The Big Election of 2020

I was just about to toast the mustard and cumin seeds for my toor dal when the car covered with placards pulled into our yard near the kitchen door and two fellows hopped out. I knew what they were here about.

When our daughter arrived for Christmas bearing quality Indian spices for me, I was eager to try them. Tonight, I was making butter chicken using turmeric, garam masala, and ground cumin, along with the toor dal, some naan, and rice. Reluctantly, I put the fry pan to the side of the hob and went to the door to greet the men.

“We’re canvassing for Brendan Griffin,” the first man says to me.

“Would ye consider giving him a number one?” the second follows-up.

Brendan is one of the five TDs (Teachta Dála, a member of the Dáil Éireann, the lower house of the Irish Parliament) for Kerry, where we live. He is a member of Fine Gael, currently the plurality party in the government, and a Minister of State for Tourism and Sport. He seems a likable enough young fellow and is very good at standing beside road signs to announce new road works funded by the government.

I’ve been expecting these visits from canvassers for the candidates, so I’ve been doing my homework.

“I have a few questions for ye about Brendan,” I say.


They blanch, not quite prepared for questions.

After they leave, I go back to my spices.

Leo Varadkar, the current Taoiseach (akin to Prime Minister), announced the dissolution of the Dáil on January 14 and scheduled an election for a new Dáil for Saturday, February 8, in just over three weeks. Candidates are chosen, posters go up on roadsides and intersections across the country, canvassers go from door to door, the leaders of the major parties have a few televised debates, and then, in short order, we vote.

This, I must say, is quite refreshing for someone from the states who is used to a never-ending campaign starting the day after the previous election.

A few days after the first canvassers were here, I had a Guinness lamb stew simmering on the cooker, when a pickup truck rolled in covered with decals and blasting traditional music. This, I thought, has to be for Michael Healey-Rae. Michael, and his brother Danny, are Independent members of the Dáil from Kerry and members of the dominant family in local politics. Their father, Jackie, was a legend in Kerry. Other members of the family are on the County Council, and fortuitously, one serves as the director of elections.

Michael, the younger brother, a slim man in his early fifties, always dressed in his trademark black flat cap, is renowned in the area for his service to his constituents. Stories abound of his personal and timely assistance in dealing with the bureaucracy of government. Sadly, less savory stories also abound.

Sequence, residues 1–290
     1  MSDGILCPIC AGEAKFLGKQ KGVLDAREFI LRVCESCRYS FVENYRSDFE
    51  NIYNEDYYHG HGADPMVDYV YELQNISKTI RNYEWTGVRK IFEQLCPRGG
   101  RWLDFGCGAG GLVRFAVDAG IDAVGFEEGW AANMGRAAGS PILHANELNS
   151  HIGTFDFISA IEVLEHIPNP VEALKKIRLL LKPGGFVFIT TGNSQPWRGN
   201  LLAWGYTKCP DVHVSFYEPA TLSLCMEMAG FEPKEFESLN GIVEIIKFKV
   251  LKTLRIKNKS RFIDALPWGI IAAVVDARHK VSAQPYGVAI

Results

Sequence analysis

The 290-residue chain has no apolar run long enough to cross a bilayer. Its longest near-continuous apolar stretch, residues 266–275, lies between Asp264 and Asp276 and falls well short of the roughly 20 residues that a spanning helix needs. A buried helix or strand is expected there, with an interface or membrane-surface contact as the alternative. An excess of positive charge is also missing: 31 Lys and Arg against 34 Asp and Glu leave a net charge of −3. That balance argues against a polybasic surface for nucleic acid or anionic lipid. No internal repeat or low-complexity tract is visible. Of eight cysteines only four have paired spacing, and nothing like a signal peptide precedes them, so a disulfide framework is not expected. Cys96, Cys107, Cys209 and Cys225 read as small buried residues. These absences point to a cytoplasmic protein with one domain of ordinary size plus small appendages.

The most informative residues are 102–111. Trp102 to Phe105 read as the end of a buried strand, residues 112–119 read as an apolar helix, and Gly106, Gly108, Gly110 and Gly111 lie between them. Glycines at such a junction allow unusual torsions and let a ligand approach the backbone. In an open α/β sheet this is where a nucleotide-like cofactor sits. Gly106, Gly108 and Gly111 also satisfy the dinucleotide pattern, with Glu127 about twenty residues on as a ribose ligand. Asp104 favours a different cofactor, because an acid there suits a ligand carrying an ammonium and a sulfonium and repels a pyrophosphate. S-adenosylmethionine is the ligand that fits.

Danny, the older brother by 13 years, is rumored to be in some electoral difficulty this time around. He is well known for his opposition to drink driving laws, claiming “Sure, shouldn’t a man be allowed to have a few pints and drive back to his home?” He does, it should be noted, own a pub. He also is opposed to climate change, saying recently, “To hell with the planet and the fellas that say we must save the planet and forget about the people.” The next day, fair play to him, he apologized to the planet. His position on the influence of fairies on road construction has also been criticized. He is, shall we say, a character.

The brothers are best known for sitting together on the back benches of the Dáil and giving out to the others in the assembly, feeding off each other like an Irish version of Diamond & Silk, but with thick Kerry accents.

I go to the door. A man and woman approach.

“Ah sure, that stew smells lovely,” they begin. “Will ye be voting in the election?”

“I will,” I say.

“And would you give Michael Healey-Rae a Number One? He is very good for the people.”

“Well, let’s say, I’ve heard both good and bad about Michael.”

They shake their heads, sighing deeply.

“And what’s the bad ye’ve heard?” the man reluctantly asks.

“To be honest with ye,” I say, “I’ve heard that Michael isn’t afraid of the occasional brown envelope.”

“Well now, I couldn’t be denying that,” the man answers.

“And the good?” the woman jumps in, trying to turn the conversation.

“That if you have a problem, Michael will take care of you,” I offer.

“So, you’ll vote him Number One, then?” she replies brightly. “And Danny Number Two?”

All politics, as they say, is local.